Governments Helping Grape Growers and Beekeepers Strengthen Their Businesses
Canada and Ontario investing up to $10 million to support sectors hit by extraordinary weather conditions
June 22, 2023
Agriculture, Food and Rural Affairs
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TORONTO – The governments of Canada and Ontario are investing up to $10 million through the Sustainable Canadian Agricultural Partnership to help the grape growing and beekeeping sectors offset extraordinary costs caused by significant grapevine and bee colony losses due to extreme weather conditions in 2021-22.
Two new AgriRecovery initiatives will provide up to $5 million for eligible grape growers and up to $5 million for eligible commercial beekeepers.
“Resuming operations after disaster events can present extraordinary costs for beekeepers and grape growers,” said the Honourable Marie-Claude Bibeau, federal Minister of Agriculture and Agri-Food. “These initiatives will help to mitigate the impacts of these unanticipated occurrences so that these producers can recover and thrive.”
This July, eligible Ontario grape growers can apply for financial support under the Canada-Ontario Grapevine Winter Injury Initiative (2021-2022) to help recover from significant vine damage and loss. The damage resulted from a series of severe weather events including periods of drought, heavy rains and extreme cold, from summer 2021 to winter 2022. The initiative will provide funding for up to 70 per cent of the costs of replacing or renewing grapevines lost or damaged during the defined period.
“These new AgriRecovery initiatives are welcome news for both sectors and will help our grape growers and beekeepers recover from these extraordinary events that occurred beyond their control,” said Lisa Thompson, Ontario Minister of Agriculture, Food and Rural Affairs. “This action is an example of our government’s commitment to ensuring our agriculture and agri-food sector has the tools to be successful, even in instances where industry depends on the elements to thrive.”
Supports for beekeepers will offset extraordinary costs caused by abnormal conditions during the 2021-22 winter, including severe weather and varroa mite damage. This July, eligible Ontario beekeepers can apply for financial support through the Canada-Ontario Overwinter Bee Colony Loss Replacement Initiative (2021-2022) to manage increased bee colony losses that occurred over the 2021-22 season. Eligible beekeepers will receive up to 70 per cent of the high cost of purchasing bee colonies to replace those impacted during the defined time period.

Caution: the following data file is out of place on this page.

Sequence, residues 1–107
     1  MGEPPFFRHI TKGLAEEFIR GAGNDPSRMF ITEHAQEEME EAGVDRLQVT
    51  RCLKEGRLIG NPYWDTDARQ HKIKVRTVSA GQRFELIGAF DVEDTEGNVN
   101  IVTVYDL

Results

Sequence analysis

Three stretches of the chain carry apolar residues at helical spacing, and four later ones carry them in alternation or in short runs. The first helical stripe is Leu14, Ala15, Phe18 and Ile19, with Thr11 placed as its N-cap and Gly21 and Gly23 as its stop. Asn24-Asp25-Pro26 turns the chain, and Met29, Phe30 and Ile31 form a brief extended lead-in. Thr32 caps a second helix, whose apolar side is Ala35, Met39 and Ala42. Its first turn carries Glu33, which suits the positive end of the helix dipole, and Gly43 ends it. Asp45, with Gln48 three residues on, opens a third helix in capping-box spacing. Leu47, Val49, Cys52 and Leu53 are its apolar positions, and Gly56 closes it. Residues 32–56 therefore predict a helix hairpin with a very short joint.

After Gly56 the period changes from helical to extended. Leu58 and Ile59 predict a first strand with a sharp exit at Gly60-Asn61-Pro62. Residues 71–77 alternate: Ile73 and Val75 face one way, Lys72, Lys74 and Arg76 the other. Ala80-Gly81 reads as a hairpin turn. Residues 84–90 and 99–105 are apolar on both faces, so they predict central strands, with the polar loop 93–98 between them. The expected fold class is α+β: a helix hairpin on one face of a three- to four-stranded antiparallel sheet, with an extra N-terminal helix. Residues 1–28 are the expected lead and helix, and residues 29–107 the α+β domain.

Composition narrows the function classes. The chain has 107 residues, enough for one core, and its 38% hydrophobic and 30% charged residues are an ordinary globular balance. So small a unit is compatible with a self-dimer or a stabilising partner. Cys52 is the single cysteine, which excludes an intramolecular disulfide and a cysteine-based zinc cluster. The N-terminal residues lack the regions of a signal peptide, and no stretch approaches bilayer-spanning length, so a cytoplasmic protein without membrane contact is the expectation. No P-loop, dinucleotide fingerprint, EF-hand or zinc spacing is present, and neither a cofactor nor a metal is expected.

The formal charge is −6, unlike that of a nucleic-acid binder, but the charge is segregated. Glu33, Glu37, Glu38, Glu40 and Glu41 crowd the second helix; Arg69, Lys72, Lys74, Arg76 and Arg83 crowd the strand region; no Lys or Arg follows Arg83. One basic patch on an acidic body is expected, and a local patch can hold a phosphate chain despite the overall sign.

These initiatives will be delivered by Agricorp. The agency delivers business risk management programming in Ontario. AgriRecovery initiatives help offset extraordinary costs producers incur to recover from disasters outside of their control but which are necessary to mitigate the impacts and/or resume farming operations as quickly as possible.
“Beekeepers and grape growers are key contributors to Ontario’s thriving agriculture industry,” said Vance Badawey, Parliamentary Secretary to the Minister of Indigenous Services and Member of Parliament for Niagara Centre. “AgriRecovery can help growers alleviate unforeseen costs out of their control, so they can continue to deliver high value to the sector.”
AgriRecovery is a federal-provincial-territorial disaster relief framework to help agricultural producers with the extraordinary costs associated with recovering from abnormal conditions or disaster situations. The initiatives are cost-shared on a 60:40 basis between the federal government and participating provinces or territories, as outlined under the Sustainable Canadian Agricultural Partnership (Sustainable CAP).
- In 2021, Ontario grape growers harvested 17,770 acres and marketed around 82,000 metric tonnes of grapes, worth more than $111 million in farm cash receipts. According to the 2021 census of agriculture, there are more than 600 grape farms in Ontario.
- In 2021, Ontario accounted for 25 per cent of beekeepers in Canada, with about 13 per cent of the colonies, and seven per cent of the honey production.
- Parasitic varroa mites are considered to be the primary cause of winter mortality for beekeeping in North America, including Ontario.
- All farmers are encouraged to participate in Business Risk Management programs to support their farm businesses during difficult times. Farmers should contact Agricorp for more information about specific program options.
The Sustainable Canadian Agricultural Partnership
Agriculture and Agri-Food Canada
Ontario Ministry of Agriculture, Food and Rural Affairs
Grape Growers of Ontario
Ontario Beekeepers’ Association